Your vagina is self-cleaning. That’s to say that glands inside your vagina and cervix produce discharge that cleanses old cells and pushes them out. If the vagina is working as it should, this process repeats every day.
The amount of discharge produced varies from woman to woman and shouldn’t be concerning.
Vaginal discharge is a good thing
You may see discharge on your underwear or toilet paper after wiping, and this is a good thing. Discharge shows that your body is working effectively. You can learn a lot about your body by paying attention to your discharge as it changes in viscosity and color throughout the month.
In addition, you’ll notice that throughout the menstrual cycle, your hormone levels fluctuate, which results in varying amounts of discharge.
During your menstrual period, blood will cover any discharge, so you’re unlikely to notice the cervical mucus while menstruating. Immediately following your period, however, your body returns to normal hormonal levels and won’t produce much discharge at all. It’s perfectly normal to see no vaginal mucus for the few days following your period.
In preparation for ovulation, the glands in your vagina and cervix produce discharge. You might notice yellow, white or cloudy discharge between your menstruation period and ovulation. The discharge will also feel thick or stretchy because it has collected dead cells from inside the vagina.
Directly before and during ovulation, the vaginal mucus may feel wet and slippery, and is most commonly described as looking like “egg white.” This type of discharge prepares the vagina for sperm, because the slippery texture protects sperm from the acidic pH of the vagina.
Finally, after ovulation, discharge returns to a gluey texture and becomes cloudy or yellow. The cycle then repeats.
Types of discharge
Discharge is a normal part of having a healthy vagina. In some instances, however, your discharge could be trying to warn you. Get to know some of the basics about its color and consistency so you can differentiate normal from abnormal.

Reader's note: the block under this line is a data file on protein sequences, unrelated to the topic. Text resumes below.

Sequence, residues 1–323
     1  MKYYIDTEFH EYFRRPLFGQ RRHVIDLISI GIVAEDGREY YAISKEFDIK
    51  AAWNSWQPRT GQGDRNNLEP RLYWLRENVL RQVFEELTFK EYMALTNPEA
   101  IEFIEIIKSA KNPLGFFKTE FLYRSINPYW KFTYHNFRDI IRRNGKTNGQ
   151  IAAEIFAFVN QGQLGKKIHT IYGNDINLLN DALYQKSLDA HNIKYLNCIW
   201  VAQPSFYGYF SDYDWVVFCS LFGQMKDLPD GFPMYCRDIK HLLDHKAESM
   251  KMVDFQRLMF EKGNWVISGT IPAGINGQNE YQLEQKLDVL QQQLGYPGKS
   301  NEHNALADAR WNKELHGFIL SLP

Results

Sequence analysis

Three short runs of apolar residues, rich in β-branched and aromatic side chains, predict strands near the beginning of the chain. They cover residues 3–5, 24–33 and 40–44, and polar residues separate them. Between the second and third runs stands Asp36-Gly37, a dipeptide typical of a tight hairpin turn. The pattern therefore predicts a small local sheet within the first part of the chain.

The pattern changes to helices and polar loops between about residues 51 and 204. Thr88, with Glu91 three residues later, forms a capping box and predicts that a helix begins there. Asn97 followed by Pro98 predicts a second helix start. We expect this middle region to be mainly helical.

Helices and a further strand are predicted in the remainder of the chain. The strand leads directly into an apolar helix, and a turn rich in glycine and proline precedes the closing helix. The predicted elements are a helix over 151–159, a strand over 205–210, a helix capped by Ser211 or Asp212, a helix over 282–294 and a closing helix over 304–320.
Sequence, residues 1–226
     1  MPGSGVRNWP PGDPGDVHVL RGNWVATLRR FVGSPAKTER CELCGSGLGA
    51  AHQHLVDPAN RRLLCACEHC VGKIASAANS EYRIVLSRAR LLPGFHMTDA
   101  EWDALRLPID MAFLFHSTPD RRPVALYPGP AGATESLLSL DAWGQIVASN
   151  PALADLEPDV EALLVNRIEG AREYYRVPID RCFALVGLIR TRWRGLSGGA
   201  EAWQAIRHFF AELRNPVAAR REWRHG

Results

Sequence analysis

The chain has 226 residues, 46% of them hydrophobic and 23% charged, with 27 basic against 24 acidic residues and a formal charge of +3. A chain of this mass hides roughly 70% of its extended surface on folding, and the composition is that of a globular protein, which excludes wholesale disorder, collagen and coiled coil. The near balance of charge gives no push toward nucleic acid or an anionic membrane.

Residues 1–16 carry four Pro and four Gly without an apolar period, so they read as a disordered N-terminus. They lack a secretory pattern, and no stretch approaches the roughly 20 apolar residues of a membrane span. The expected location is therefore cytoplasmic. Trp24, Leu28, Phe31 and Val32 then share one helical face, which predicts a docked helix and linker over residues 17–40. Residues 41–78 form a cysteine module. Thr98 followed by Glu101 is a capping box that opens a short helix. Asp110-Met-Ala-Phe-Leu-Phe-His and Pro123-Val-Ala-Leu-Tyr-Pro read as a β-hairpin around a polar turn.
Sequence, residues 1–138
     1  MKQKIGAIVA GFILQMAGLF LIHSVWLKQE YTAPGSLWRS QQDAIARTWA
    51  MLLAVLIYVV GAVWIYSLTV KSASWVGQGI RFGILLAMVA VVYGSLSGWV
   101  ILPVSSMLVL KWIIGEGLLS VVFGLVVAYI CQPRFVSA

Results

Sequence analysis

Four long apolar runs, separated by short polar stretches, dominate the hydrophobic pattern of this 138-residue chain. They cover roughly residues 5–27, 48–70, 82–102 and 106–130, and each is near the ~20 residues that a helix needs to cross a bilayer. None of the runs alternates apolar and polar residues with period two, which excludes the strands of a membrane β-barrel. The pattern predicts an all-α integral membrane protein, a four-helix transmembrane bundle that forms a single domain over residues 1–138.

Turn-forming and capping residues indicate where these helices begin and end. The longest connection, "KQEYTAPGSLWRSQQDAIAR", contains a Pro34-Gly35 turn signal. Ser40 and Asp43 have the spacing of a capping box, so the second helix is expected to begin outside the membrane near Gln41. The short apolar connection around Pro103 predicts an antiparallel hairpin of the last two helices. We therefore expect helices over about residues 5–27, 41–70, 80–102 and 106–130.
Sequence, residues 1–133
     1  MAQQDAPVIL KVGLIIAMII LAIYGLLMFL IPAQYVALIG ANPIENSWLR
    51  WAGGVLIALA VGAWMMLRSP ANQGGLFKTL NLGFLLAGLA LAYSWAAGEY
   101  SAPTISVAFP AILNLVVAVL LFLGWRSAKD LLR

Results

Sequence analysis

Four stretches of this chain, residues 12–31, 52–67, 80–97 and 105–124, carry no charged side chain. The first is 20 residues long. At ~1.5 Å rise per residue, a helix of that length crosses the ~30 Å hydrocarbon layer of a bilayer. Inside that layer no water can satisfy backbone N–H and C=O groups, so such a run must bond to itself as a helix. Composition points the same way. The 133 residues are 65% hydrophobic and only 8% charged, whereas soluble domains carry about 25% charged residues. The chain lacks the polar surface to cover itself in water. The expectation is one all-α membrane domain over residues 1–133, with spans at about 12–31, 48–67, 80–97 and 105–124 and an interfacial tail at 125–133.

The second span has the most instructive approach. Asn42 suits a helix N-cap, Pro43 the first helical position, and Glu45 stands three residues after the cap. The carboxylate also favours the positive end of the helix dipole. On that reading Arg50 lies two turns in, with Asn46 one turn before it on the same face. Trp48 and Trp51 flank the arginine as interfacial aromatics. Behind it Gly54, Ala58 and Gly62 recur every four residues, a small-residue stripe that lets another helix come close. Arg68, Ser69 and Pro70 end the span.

Thick & white
Thick white discharge is normal. This type of discharge is most common before and after ovulation. As mentioned previously, you’ll notice slippery discharge similar to the consistency of egg whites during ovulation. When this type of discharge is seen, it signals the most fertile time in a woman’s cycle.
Yellow discharge can be perfectly normal, as well. However, if you notice a foul smell accompanying the yellow discharge, or you’re experiencing pelvic pain, it could be a sign of infection. Specifically, if the yellow discharge smells like fish or copper, you should call your doctor.
Brown discharge is normal directly after your period. Old blood mixes with vaginal mucus to create a brown discharge, so if you notice any brown discharge on the toilet paper, don’t be concerned. Brown discharge could also be a sign of irregular period cycles, experienced by 14 percent of women. However, if you’re experiencing pelvic pain and you have brown discharge, that combination could signify something more serious, and you should contact your doctor.
Your body does not normally make green discharge, so that means something is wrong. Don’t panic, however, because it could be nothing more than a small infection that can be cleared up with a single round of antibiotics. Get in touch with your doctor for an examination.
If your discharge looks more like cottage cheese and is accompanied by uncomfortable itching or burning, you most likely have a yeast infection. About 75 percent of women will have a yeast infection at least once in their life. While yeast infections are incredibly uncomfortable, you can easily clear them up with an antifungal pill.
When not to worry
For the most part, you don’t have to worry about vaginal discharge: It’s perfectly normal and healthy, even if you experience a little more vaginal mucus from time to time. As long as your discharge is a natural color, and you aren’t experiencing ongoing pelvic pain, itching or burning, your vagina is most likely completely healthy.
It’s a good idea to contact your doctor or gynecologist if you ever have questions or concerns about your vaginal discharge. They’ll have answers for all of your questions, and you’ll feel more confident about your body’s natural processes.